The book does a very job using new interviews with Johnny and several of his associates, as well as older articles and interviews, in detailing the trajectory of his career and fleshing out a lot of the events in his life. After recording numerous original and cover songs for local labels in the south in the early to mid-1960s, which would come back to haunt and dog him for his entire career, Johnny was determined to play blues and hooked up with "Uncle" John Turner and Tommy Shannon to form his first band. After recording their excellent "Progressive Blues Experiment" debut album, they attracted the attention of Rolling Stone magazine and subsequently, a bidding war broke out between record companies eager to sign him. Eventually signing with Columbia Records in 1968, the next decade was a whirlwind for Johnny. He gigged heavily, released several seminal blues/rock albums, the best of which are his self-titled debut, Second Winter, Still Alive and Well, and a pair of scorching live albums (Johnny Winter And...Live and Captured Live!). Loads of money coming in, late night jams in clubs with Jimi Hendrix, collaborations with Janis Joplin onstage and in bed, appearances at numerous festivals including Woodstock, changing band lineups, drug addictions, deaths, and women all happened to Johnny in a short span of time, and they came on hard. Everything is covered in the book and nothing is sugarcoated. However, I don't want it to sound like it's all salacious stories and negative incidents. In fact, just the opposite; the overwhelming feeling I got from reading this book was the joy Johnny gets from being a musician and playing his style of blues and rock, as well as the deep and genuine affection and love his family and friends have for him as a human being. Career-wise, despite his horrific management situation (which I'll get to in a bit), he's been very successful, both commercially and critically. Besides his own albums and tours, he revived Muddy Waters' career late in the blues master's life (for which they won multiple Grammy awards), has sat in with everyone from B.B. King and John Lee Hooker to the Allman Brothers Band and Stevie Ray Vaughan, and has been recognized as the premier blues guitarist of his generation, which is saying something given who his peers in that area are (for instance, Eric Clapton, anyone?). He was the first white person to be inducted into the Blues Hall of Fame, which is ironic if you consider that not only is Johnny white, he's as white as one can physically be as an albino! The humor was not lost on Johnny, but that's a towering achievement that's a testament to his talent, dedication, and personality and something he's rightfully proud of.
At this moment, I need to introduce the other main thread that runs through this book which I alluded to above: Johnny's shockingly shady and dishonest management. While this is nothing new in the history of the music industry, what is eye-opening in Johnny's case is just how long it went on. Raisin' Cain is also the tale of nearly forty years of mismanagement and blown chances that cost people loads of money, opportunities, and in many cases, their lives. Without giving too much away to anyone who wants to read this book, the incredible revelation to me was that, as big a star as Johnny was, especially in the 1968-1984 period, he could've been ten times more successful and popular given different managers who actually cared about him as a person and musician and didn't view him simply as a freakshow and a meal ticket to exploit for their own gain. The feeling I got at the end of the book was that Johnny was a massive success despite Steve Paul, Teddy Slatus, and Betty Johnston (all of whom collaboratively managed his career in some capacity from 1968 until 2004 or so). From lying to Johnny and Susan (his lifelong companion and wife), skimming money off the top of everything, exploiting Johnny with shoddy releases and gig cancellations that damaged his reputation, sabotaging his attempts to get off drugs, and later on purposely conspiring with shady doctors to keep Johnny drugged up and under their influence so that he could be easily manipulated, the behavior of his management is shocking, disgusting, and I won't lie that I was quite happy to read how they all died lonely and in disgrace. While it's acknowledged by Johnny and those close to him that he does share some of the blame for enabling and tolerating the behavior of Paul, Slatus, and Johnston for so long, it's also true that most of what went on behind the scenes wasn't discovered until much later and that those three cretins did a very good job covering their tracks for decades until they were finally discovered. The happy ending is that Johnny's bandmates and friends helped him to get out from under management's thumb, overcome the medication he was forced to take, and to get him back to being healthy, happy, and playing the music he loves.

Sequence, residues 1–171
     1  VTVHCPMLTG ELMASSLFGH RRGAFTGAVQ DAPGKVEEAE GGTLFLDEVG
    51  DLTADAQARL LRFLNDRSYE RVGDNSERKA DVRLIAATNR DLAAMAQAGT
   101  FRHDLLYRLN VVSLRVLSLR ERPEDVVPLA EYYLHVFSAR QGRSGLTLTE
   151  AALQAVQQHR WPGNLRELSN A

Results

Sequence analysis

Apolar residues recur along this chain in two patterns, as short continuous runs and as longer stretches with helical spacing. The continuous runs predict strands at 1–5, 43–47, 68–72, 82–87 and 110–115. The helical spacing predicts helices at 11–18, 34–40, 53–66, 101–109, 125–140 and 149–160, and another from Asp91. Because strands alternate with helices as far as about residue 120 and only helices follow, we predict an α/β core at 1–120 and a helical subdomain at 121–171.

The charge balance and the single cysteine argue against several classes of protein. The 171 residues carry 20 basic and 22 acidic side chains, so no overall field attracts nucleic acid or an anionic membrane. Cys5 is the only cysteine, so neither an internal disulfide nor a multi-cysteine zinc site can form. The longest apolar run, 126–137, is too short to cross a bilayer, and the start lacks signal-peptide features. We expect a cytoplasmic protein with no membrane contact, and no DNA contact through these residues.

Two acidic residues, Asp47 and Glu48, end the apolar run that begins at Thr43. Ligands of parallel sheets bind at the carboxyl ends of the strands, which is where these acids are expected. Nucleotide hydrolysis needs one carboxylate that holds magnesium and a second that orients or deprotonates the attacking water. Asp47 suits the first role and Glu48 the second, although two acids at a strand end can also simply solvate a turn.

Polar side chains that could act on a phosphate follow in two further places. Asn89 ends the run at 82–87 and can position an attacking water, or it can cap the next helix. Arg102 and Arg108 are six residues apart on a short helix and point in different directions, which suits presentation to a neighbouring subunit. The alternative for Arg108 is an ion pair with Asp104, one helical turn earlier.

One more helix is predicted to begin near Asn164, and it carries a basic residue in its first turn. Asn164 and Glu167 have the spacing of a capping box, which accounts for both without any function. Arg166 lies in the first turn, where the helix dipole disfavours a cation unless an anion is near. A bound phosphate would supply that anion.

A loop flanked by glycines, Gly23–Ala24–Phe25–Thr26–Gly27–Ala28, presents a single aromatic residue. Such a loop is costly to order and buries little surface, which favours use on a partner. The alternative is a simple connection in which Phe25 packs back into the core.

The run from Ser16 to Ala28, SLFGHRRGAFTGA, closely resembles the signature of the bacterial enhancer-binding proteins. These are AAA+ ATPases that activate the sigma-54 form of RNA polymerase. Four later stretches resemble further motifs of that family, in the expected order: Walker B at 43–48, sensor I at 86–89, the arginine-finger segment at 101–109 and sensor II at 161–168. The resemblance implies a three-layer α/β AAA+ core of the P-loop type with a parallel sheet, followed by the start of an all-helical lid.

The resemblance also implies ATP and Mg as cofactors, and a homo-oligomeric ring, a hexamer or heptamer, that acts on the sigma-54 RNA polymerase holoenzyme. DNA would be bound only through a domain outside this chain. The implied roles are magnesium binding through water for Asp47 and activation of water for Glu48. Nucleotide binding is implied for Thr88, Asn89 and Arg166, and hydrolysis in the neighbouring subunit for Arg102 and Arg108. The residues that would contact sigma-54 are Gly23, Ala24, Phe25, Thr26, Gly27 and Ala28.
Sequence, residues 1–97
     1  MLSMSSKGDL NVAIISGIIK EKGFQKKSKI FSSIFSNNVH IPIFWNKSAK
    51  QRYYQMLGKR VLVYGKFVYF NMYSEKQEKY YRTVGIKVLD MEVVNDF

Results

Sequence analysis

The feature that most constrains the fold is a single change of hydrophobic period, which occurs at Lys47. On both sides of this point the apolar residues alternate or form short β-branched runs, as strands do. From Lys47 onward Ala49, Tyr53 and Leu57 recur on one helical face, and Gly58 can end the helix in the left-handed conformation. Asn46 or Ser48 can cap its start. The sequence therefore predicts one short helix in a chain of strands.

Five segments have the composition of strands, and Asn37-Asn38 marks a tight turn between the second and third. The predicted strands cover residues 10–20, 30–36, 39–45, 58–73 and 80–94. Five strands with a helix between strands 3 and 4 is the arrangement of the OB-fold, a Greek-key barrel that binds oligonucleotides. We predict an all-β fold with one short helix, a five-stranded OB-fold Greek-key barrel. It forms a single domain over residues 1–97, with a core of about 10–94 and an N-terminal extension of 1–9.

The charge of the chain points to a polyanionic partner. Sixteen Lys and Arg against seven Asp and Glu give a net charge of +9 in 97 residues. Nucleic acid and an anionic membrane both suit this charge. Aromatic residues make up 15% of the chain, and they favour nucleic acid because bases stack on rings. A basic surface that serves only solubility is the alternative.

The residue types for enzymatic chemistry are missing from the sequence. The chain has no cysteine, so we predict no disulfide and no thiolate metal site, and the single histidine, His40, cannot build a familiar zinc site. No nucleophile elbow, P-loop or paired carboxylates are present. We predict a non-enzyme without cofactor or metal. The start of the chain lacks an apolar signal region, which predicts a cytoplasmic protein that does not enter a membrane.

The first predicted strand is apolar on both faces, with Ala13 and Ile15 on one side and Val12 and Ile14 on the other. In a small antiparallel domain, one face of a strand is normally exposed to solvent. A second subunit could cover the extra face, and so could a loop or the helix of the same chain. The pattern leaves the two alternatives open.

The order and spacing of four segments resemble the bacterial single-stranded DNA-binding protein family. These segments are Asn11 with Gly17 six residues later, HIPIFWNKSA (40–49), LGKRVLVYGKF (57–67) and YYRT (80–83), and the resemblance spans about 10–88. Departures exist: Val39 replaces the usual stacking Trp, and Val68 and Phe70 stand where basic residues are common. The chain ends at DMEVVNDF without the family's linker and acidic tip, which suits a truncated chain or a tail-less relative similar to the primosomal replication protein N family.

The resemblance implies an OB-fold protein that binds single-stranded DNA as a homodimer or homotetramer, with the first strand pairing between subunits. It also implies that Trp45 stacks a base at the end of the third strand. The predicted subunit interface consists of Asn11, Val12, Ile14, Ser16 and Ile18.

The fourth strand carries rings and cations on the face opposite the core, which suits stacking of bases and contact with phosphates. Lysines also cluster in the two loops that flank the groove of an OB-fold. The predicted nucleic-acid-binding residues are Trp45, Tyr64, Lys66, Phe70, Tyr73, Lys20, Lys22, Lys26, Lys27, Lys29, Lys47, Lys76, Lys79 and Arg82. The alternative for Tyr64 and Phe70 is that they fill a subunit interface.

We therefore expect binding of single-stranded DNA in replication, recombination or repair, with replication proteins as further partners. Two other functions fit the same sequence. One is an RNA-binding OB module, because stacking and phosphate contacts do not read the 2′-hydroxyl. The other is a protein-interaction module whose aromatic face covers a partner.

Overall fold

As far as biographies go, this is one of the better ones I've read. It's clear that while the author has affection for Winter and his music, she is also not afraid to document some of the more sordid and bizarre aspects of his life, from his inability to stay faithful to any one woman until he finally married longtime girlfriend Susan in 1992, to his various addictions, strange sleeping and eating habits, and clashes with certain bandmates and producers, it's all in the book. There are some cases where the book begins to read as if it were just patched together from quote after quote from various sources, and this mainly occurs toward the end of the book which discusses the decline period of Johnny's career in the mid-1980s and 1990s. Overall, however, when the book relies more on firsthand accounts and new interviews (which is how the bulk of the book is presented), it's very enjoyable and interesting. Something evident throughout the entire book is that Johnny has a great sense of humor about nearly everything and that, while he admits in the introduction that it's painful at times to read the "not-so-good bits" from his past, he has no regrets. In general, it seems that people really like him as a person, which as an albino and respected musician, was all he ever wanted and something he goes to great lengths to reiterate repeatedly in the book. Unequivocally, he states at the end of the book that he wouldn't do anything differently if he could go back and live his life over again. At the end of the day, his goal in life was to be a "pretty good blues player" and on that count, he succeeded in spades.